He was the subject of the biographical work Priest and Partisan: A South African Journey (1996)[4] by his fellow South African priest and theologian Michael Worsnip, with a foreword by Nelson Mandela.

The Government of the Western Cape awarded him the Order of the Disa.[citation needed]

Nelson Mandela said of him, "Michael’s life represents a compelling metaphor: We read about a foreigner who came to our country and was transformed by what he saw of the injustices of apartheid. His life is part of the tapestry of many long journeys and struggles of our people[5] and "Michael Lapsley's life is part of the tapestry of the many long journeys and struggles of our people." [4]

Fr Michael was vice president of the South African Council of Churches from 2014 - 2017.

International Network for Peace[edit]

For the fifth anniversary of September 11 attacks on the United States (held on 8 September 2006), Lapsley joined more than 30 terror victims from all around the world and families of those killed then to create the International Network for Peace to promote effective and nonviolent solutions to terrorism.

Electronic Media[edit]

There are many video interviews with him on the internet, including on YouTube in particular The Father Michael Lapsley Story.


Books by or about Fr. Michael Lapsley SSM[edit]

  • Lapsley, M. (1986). Neutrality Or Co-option?: Anglican Church and State from 1964 Until the Independence of Zimbabwe. Mambo Press. 1986. ISBN 978-0-86922-407-6.
  • Wornisp, M. E. (1996). Worsnip, Michael E. (1996). Priest and Partisan: A South African Journey. Ocean Press. ISBN 978-1-875284-96-2.
  • Lapsley, M., & Karakashian, S. (2012). Redeeming the Past: My Journey from Freedom Fighter to Healer. New York: Orbis. 2012. ISBN 978-1-60833-227-4.[a]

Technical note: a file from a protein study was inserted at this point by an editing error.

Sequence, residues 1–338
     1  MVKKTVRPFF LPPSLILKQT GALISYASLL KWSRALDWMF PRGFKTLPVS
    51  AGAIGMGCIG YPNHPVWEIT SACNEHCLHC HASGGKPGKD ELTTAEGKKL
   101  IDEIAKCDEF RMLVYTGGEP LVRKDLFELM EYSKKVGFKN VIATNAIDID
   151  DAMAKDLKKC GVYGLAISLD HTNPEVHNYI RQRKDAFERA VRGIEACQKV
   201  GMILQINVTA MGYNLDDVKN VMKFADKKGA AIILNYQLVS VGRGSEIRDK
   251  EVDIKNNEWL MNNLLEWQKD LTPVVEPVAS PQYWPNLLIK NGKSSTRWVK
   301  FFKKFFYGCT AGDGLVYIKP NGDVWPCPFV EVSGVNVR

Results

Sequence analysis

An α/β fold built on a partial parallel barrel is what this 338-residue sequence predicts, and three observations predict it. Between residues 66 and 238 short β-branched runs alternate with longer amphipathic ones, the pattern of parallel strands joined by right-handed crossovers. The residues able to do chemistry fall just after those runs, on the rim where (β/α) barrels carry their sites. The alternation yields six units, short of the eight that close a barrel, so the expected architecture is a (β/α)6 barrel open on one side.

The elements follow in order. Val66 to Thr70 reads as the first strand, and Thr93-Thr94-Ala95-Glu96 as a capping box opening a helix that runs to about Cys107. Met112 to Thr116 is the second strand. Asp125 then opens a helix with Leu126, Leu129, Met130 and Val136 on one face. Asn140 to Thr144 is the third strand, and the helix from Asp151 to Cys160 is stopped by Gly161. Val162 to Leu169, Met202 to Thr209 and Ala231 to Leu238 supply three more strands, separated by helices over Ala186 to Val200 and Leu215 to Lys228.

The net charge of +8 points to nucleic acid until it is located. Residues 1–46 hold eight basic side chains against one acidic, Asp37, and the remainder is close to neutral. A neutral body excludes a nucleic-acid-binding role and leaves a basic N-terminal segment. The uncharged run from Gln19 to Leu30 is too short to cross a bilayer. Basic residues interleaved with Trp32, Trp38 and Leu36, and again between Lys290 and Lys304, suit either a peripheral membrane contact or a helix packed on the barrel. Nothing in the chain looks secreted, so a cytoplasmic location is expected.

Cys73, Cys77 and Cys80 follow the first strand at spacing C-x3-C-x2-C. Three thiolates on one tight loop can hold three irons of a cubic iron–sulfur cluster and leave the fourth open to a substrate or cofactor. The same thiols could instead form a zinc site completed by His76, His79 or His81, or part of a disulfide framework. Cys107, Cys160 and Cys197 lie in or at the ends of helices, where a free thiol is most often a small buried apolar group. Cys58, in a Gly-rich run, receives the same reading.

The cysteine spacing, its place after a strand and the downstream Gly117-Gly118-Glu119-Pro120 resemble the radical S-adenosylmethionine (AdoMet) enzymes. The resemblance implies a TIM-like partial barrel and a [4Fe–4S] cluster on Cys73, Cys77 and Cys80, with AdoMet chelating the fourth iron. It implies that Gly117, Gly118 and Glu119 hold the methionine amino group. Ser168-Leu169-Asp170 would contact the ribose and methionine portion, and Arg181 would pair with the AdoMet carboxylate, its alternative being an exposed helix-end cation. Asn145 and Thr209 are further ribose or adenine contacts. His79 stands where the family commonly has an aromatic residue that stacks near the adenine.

Contributions in other publications[edit]

  • What Apartheid Has Done to All of Us, Black and White. American Committee on Africa. 1991.
  • Begegnungen mit Father Michael Lapsley SSM anläßlich des Jahresfestes des Nordelbischen Missionszentrums in Breklum vom 21. - 23. Juni 2002. Nordelbisches Missionszentrum. 2002.
  • Confronting the Past and Creating the Future: The Redemptive Value of Truth Telling". Social Research 65 (4): 741–758. Winter 1998. JSTOR 40971285.
  • H. Russel Botman; Robin M. Petersen, eds. (1996). "Bearing the pain in our bodies". To Remember and to Heal: Theological and Psychological Reflections on Truth and Reconciliation. Human & Rousseau. pp. 17–24. ISBN 978-0-7981-3644-0.
  • The Journey to and from Apology: Restoring the Moral Order in Journal For Social Research: An International Quarterly Winter 2020.
  • Tutu and Me: Perspectives on brokenness and wholeness in Ecumenical Encounters with Desmond Mpilo Tutu UWC Press ISBN 978-1-990995- 06-4 2021.
  • The Role of Faith Communities in moral regeneration: a time for introspection in Leadership Magazine July 2021.
  • Healing old wounds of Women and Men to end gender based violence and femicide in Leadership Magazine August 2021
  • The Pain caused by the demonization of African culture at the altar of Apartheid and Colonization in Leadership Magazine November 2021.
  • The ANC's Church Front in International Brigade against Apartheid: Secrets of the People's War that Liberated ]South Africa Jacana 2021 ISBN 978-1-4314-3202-8 December 2021

See also[edit]


  1. ^ Redeeming the Past has also been published in the Bosnian language, German, Sinhalese, Spanish, Japanese. In 2015 it will be published in Afrikaans, French and Tamil.


External links[edit]